Pfeiffer worked for nearly twenty years at the center of Democratic politics, from the campaign trail to Capitol Hill to Barack Obama's White House. But it was Trump's victory and Republicans' incessant aiding and abetting of Trumpism that has radicalized his thinking. Here, Pfeiffer urges Democrats to embrace bold solutions - from fixing the courts to abolishing the electoral college to eliminating the filibuster - in order to make America more democratic (and Democratic).

Last week I noted that Dan Pfeiffer's July live podcast event at the Riverside was overshadowing our book talk for Un-Trumping America, despite our competitive pricing and more intimate venue. Why not consider attending both events?

Our event with Vaneesa Cook on March 10 for Spiritual Socialists has been cancelled.

Our event with Neal Shusterman on March 12 for The Toll is at capacity.

Thursday, March 12, Friday, March 13, and Saturday, March 14, 7:30 pm, at Boswell Wild Space Dance Company's Off the Page:

Boswell Book Company hosts Wild Space Dance Company for three evenings of site-specific performances inspired by literature and the joy of reading titled Off the Page. Advance tickets cost $25, $18 for students and seniors, available at wildspacedance.org.

Led by Founder/Artistic Director Debra Loewen, Wild Space Dance Company has intrigued audiences for three decades. Known for site-specific works and artistic collaborations, Wild Space takes audiences on adventures through built and natural landscapes, visual art, history and the human condition through wry humor, clever choreography and emotionally-charged dance.

Wild Space Dance Company's mission is to expand the audience for contemporary dance through performance and outreach programs in the greater Milwaukee area and throughout southeastern Wisconsin, reaching diverse communities.

Thursday, March 12, 7 pm, at The Greene Museum, 3367 N Downer Ave:
Jessica Kirzane, translator of Diary of a Lonely Girl, or The Battle Against Free Love

Lecturer in Yiddish at the University of Chicago Jessica Kirzane appears at the Stahl Center with her translation of Miriam Karpilove’s novel, which offers a raw personal criticism of radical leftist immigrant youth culture in early twentieth century New York.

A century before Lena Dunham’s Girls, a Yiddish writer named Miriam Karpilove was already telling the world, in mordant, sometimes hilarious prose, what it was like to be a young Jewish woman in New York City. Diary of a Lonely Girl is a novel of intimate feelings and scandalous behaviors, shot through with a dark humor. From the perch of a diarist writing in first person about her own love life, Miriam Karpilove’s novel offers a snarky, melodramatic criticism of radical leftist immigrant youth culture in early twentieth-century New York City.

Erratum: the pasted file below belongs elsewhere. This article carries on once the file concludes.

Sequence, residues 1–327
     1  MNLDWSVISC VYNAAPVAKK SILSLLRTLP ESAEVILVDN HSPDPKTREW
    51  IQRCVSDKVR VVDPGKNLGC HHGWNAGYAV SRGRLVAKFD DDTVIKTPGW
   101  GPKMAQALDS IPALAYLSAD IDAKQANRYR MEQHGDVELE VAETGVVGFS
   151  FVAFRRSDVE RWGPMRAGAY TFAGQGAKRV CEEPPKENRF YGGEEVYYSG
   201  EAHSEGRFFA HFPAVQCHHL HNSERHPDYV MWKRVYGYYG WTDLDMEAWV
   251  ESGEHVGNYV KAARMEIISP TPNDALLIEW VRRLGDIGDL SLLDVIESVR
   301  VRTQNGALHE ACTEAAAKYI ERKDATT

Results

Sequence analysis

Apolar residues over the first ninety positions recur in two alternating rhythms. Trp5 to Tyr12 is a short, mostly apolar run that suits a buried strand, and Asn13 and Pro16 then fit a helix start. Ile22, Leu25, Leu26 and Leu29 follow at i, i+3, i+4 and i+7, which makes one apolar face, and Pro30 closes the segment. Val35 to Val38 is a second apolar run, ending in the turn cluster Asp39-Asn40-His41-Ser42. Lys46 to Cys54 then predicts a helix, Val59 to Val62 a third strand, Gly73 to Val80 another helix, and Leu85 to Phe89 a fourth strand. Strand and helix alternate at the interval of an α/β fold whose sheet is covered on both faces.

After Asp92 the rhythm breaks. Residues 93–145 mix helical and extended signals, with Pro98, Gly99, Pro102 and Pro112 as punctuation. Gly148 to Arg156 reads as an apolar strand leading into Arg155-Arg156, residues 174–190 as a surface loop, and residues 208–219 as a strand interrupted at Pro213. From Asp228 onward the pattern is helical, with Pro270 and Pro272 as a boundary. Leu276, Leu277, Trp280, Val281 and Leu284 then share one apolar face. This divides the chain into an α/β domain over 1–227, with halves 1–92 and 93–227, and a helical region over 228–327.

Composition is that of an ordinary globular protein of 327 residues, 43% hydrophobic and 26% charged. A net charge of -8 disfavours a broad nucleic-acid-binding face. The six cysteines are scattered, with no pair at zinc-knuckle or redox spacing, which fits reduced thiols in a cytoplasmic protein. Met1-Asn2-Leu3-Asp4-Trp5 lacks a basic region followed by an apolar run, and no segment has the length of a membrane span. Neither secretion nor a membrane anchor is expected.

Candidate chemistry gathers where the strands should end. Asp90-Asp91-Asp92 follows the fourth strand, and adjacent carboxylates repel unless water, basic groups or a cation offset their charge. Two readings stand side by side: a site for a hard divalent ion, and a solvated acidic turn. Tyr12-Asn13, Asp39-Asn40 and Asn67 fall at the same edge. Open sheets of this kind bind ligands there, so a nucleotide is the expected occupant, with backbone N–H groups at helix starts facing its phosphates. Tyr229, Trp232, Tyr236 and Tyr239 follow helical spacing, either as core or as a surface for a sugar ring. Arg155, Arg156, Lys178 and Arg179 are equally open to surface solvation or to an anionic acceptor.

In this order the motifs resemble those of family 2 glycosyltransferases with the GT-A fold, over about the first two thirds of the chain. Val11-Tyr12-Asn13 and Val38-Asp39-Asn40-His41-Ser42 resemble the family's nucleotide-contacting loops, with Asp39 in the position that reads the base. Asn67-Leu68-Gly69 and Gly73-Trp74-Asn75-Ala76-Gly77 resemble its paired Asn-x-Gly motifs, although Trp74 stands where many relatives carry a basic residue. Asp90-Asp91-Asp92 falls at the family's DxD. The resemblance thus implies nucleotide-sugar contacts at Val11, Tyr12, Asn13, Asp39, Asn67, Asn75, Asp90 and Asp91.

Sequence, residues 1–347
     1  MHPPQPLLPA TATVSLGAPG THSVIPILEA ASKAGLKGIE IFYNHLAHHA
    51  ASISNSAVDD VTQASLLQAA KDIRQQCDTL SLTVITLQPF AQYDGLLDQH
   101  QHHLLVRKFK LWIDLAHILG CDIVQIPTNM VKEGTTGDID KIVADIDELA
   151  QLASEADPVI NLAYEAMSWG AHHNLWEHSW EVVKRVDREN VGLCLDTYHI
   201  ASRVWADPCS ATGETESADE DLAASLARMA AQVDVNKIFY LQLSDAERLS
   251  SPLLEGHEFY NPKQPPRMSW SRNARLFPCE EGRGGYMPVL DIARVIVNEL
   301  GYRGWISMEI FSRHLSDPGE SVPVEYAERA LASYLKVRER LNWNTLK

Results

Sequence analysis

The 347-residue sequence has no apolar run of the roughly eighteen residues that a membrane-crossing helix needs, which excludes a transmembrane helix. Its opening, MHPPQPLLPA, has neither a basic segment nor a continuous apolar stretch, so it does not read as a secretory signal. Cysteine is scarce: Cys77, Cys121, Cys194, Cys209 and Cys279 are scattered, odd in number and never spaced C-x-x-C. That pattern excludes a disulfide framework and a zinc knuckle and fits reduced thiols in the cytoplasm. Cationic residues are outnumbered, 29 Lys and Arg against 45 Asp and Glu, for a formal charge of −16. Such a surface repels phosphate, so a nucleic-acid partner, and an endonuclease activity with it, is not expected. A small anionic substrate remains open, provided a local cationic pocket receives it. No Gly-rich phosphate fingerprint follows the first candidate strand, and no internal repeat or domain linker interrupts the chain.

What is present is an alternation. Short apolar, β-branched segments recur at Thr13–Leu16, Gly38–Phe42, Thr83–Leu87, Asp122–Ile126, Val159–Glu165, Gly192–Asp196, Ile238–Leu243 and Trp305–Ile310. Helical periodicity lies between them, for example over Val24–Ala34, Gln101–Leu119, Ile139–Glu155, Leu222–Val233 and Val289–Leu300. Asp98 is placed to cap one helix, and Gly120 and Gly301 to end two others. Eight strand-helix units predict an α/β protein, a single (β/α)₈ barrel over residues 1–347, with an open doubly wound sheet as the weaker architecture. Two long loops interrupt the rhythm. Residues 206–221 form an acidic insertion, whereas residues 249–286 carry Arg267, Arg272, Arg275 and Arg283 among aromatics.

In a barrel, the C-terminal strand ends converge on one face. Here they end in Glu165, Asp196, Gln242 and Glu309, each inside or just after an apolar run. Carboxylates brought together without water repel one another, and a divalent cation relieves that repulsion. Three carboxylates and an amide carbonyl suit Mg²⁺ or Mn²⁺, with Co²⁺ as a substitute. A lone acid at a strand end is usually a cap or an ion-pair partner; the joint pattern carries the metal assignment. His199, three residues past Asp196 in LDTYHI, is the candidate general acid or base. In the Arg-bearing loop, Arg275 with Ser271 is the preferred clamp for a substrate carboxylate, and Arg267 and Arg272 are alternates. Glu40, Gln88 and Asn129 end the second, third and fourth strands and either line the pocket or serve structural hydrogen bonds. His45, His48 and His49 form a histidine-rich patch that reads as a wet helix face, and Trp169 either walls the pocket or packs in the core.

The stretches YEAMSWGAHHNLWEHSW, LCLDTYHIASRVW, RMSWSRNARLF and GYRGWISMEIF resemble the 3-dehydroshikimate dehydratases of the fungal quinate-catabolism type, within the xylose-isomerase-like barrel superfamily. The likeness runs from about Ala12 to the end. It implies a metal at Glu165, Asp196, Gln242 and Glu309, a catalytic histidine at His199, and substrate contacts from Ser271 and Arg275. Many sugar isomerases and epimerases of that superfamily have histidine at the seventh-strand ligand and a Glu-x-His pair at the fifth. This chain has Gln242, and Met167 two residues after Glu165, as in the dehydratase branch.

Kirzane's translation opens up anew the life of a young Jewish woman in the early years of the last century and boldly explores issues of consent, body autonomy, women’s empowerment and disempowerment around sexuality, courtship, and politics. Karpilove immigrated to the United States from a small town near Minsk in 1905 and went on to become one of the most prolific and widely published women writers of prose in Yiddish. Kirzane’s skillful translation gives English readers long-overdue access to Karpilove’s original and provocative voice.

Monday, March 16, Noon, at the ICC, 631 E Chicago St: Registration closes March 9!
Lori Gottlieb, author of Maybe You Should Talk to Someone: A Therapist, HER Therapist, and Our Lives Revealed

REDgen and Boswell Book Company present a fundraising luncheon with New York Times bestselling author and therapist Lori Gottlieb. Lori Gottlieb is a psychotherapist and author who writes The Atlantic's weekly "Dear Therapist" advice column. She also writes for The New York Times Magazine and appears as a frequent expert on mental health in media such as Today, Good Morning America, and NPR.

With startling wisdom and humor, Gottlieb invites us into her world as both clinician and patient, examining the truths and fictions we tell ourselves and others as we teeter on the tightrope between love and desire, meaning and mortality, guilt and redemption, terror and courage, hope and change.

Registration costs $100 and includes admission, lunch, and a copy of Maybe You Should Talk to Someone. More information at redgen.org/fundraising-luncheon. Part of the proceeds from this fundraiser will directly help REDgen grow its programming in schools, local events, and faith communities around the Milwaukee area. Please note that registration closes for this event on March 9.

More info at boswellbooks.com/upcoming-events.